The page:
At first sight, archaeology may hardly seem the ideal place to look for the application of state-of-the-art computer technology. To the outsider, it appears a discipline that is too wrapped up in the past and too dependent on painstaking work with brush and trowel for automation to be of much use.
Yet archaeology is being revolutionised by new computing and telecommunications technologies all the same - in both the United States and Britain. The most startling proof of this is in the use of geographical information systems. GIS, as it is known for short, allows archaeologists to manipulate information about where things are located, and to reach insights that would be impossible or too time-consuming to achieve manually.
One of th more useful tricks of GIS is "viewshed analysis", which is the precise measurement of the visibility of ancient monuments in the landscape. This is based on the idea that prehistoric monuments were built to be seen, and to communicate messages - for example about the location of territories or sacred places. The more visible the monument, the more public the message was intended to be.
GIS software is loaded into a PC, together with digital landscape information hired on disk from the Ordnance Survey (which contains data on contours, heights and obstacles). The grid references of monuments in the landscape and the height of the hypothetical viewer are then added.
Maps are produced of every point from which the monuments could be seen at a given date. By meshing the viewsheds of different monuments together, archaeologists can draw inferences about the most and least "public" parts of the prehistoric landscape.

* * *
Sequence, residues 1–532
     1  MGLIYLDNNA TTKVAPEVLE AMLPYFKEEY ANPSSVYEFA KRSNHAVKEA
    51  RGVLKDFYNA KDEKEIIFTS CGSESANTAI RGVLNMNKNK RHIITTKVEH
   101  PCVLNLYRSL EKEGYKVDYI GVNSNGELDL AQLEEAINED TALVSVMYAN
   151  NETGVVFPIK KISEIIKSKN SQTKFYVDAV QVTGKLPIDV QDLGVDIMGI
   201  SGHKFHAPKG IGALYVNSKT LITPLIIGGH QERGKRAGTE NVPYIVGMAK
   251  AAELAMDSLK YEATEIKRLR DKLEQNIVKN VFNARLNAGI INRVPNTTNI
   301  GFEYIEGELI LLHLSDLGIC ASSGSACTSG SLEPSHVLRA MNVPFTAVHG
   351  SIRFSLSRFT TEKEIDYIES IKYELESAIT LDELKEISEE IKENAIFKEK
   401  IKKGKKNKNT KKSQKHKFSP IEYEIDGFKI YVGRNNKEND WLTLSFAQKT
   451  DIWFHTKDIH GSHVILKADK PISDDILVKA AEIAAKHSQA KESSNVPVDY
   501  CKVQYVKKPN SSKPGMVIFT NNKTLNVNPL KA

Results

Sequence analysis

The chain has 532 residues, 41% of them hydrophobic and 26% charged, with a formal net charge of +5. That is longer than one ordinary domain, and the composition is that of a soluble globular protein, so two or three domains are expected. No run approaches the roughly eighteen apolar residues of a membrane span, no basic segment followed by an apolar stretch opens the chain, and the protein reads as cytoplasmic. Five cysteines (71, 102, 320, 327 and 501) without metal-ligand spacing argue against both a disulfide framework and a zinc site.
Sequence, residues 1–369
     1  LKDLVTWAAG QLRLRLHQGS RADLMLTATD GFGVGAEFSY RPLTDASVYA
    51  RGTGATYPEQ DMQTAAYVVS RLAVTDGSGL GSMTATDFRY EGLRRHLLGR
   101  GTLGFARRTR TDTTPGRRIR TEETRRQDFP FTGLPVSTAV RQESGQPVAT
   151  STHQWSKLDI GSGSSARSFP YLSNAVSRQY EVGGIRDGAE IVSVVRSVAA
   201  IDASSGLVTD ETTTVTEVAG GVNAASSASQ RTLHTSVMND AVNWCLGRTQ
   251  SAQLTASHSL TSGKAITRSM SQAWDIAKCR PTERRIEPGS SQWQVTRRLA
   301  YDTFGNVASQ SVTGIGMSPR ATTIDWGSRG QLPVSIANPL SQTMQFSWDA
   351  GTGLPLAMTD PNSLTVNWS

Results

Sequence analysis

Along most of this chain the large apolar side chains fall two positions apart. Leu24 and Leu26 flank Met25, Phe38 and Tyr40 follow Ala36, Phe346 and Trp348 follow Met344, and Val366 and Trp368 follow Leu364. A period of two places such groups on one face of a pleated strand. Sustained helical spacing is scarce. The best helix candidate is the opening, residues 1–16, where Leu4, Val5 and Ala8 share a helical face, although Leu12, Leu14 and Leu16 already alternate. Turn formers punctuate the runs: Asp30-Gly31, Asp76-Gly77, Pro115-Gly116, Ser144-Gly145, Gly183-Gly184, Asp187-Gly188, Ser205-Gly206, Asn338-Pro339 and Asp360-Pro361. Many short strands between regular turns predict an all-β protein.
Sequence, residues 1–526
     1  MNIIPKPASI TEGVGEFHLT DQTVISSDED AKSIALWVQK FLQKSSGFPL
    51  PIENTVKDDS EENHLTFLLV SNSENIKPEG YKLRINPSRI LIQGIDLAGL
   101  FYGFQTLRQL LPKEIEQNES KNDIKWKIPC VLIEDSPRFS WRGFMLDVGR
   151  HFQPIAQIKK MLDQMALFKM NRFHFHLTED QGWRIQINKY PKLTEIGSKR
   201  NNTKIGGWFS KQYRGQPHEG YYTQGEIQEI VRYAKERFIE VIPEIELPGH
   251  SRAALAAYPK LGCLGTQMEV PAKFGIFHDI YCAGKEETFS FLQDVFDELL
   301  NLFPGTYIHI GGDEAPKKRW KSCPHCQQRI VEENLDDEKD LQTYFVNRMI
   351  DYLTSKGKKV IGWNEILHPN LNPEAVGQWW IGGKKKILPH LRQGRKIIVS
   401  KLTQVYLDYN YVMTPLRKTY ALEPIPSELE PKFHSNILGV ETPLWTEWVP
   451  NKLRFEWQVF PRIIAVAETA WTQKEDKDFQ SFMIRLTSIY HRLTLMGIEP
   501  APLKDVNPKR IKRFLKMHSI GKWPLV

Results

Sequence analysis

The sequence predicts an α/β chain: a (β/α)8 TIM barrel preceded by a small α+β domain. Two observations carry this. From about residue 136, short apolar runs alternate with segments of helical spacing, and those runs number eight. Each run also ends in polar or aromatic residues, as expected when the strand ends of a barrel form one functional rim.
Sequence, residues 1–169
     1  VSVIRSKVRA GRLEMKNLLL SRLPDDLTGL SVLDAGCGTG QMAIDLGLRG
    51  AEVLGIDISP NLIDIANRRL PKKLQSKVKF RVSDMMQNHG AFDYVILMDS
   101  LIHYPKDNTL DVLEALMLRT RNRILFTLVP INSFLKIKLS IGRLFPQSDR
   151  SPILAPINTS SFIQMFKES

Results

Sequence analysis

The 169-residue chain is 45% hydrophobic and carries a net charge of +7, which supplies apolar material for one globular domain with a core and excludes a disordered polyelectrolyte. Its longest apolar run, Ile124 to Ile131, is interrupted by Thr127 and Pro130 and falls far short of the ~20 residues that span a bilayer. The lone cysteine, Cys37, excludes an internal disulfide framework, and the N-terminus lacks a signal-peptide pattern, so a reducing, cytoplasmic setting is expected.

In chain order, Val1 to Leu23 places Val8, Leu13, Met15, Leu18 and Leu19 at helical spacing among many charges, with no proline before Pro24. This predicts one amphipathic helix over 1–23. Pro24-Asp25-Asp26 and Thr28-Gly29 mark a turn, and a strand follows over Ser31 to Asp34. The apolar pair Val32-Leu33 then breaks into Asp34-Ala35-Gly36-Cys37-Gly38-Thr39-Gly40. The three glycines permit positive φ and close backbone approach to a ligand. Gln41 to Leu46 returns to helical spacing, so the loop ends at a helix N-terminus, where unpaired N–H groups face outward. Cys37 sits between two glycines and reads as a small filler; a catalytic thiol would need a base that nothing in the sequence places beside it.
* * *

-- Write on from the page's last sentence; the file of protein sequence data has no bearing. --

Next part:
In a recent study of prehistoric rock carvings in the Kilmartin Valleyin Argyll, Dr Vince Gaffney, of Birmingham University's Field Archaeology Unit, and Professor Richard Bradley of Reading University used the technology to identify a difference between the visibility of complex and simple examples of rock art.
They found that monuments with elaborate carvings - both natural rock formations and standing stones - were highly visible, mainly from the direction of the Crinan estuary, the principal entrance to the Kilmartin valley from the south. This suggested that they were intended, like modern advertising hoardings, to communicate public messages, perhaps about the ownership of the valley, to outsiders.
Simple examples of rock art, however, were found to be largely invisible from a distance, implying that they were designed to communicate only intimate messages with passing travellers, perhaps about rituals to be performed before going on.
A second use of GIS technology lies in "cost surface analysis": the examination of the time it takes to walk ove different types of terrain. Cost surface analysis has mainly been used in archaeology to determine a site's "catchment area", or the area of land surrounding and belonging to a prehistoric settlement.
It has long been assumed that in ancient farming societies farmland generally extended no further than about three miles (five kilometres) from a settlement - a comfortable distance for a farmer to walk to his fields. On this basis, archaeologists have drawn circular catchment areas of 5km radius around settlements on their maps.
In reality, however, catchment areas are never perfect circles, but irregular shapes of different sizes, because where the terrain is difficult, a farmer can travel a shorter distance in a given time. …